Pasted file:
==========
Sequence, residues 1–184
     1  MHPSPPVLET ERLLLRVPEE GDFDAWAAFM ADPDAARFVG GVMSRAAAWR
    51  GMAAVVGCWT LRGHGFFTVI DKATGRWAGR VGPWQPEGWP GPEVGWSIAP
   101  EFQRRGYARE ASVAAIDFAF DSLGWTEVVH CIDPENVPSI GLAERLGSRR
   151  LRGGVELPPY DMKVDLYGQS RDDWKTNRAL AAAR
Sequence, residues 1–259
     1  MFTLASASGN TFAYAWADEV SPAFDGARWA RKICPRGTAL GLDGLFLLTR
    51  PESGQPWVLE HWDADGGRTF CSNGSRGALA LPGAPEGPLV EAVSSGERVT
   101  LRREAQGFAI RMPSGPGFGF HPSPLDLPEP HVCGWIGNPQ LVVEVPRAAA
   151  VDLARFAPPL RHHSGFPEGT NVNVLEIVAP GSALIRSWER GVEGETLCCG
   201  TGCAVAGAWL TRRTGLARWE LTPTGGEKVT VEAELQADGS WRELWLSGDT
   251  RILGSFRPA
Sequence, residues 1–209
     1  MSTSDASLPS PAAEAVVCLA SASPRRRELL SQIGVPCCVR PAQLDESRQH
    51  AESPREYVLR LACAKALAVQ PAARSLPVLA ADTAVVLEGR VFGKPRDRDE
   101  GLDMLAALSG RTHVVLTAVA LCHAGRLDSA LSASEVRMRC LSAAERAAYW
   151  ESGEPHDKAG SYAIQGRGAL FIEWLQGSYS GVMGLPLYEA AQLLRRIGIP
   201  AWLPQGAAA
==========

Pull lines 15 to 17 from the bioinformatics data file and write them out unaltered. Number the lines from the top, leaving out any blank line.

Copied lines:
    51  AESPREYVLR LACAKALAVQ PAARSLPVLA ADTAVVLEGR VFGKPRDRDE
   101  GLDMLAALSG RTHVVLTAVA LCHAGRLDSA LSASEVRMRC LSAAERAAYW
   151  ESGEPHDKAG SYAIQGRGAL FIEWLQGSYS GVMGLPLYEA AQLLRRIGIP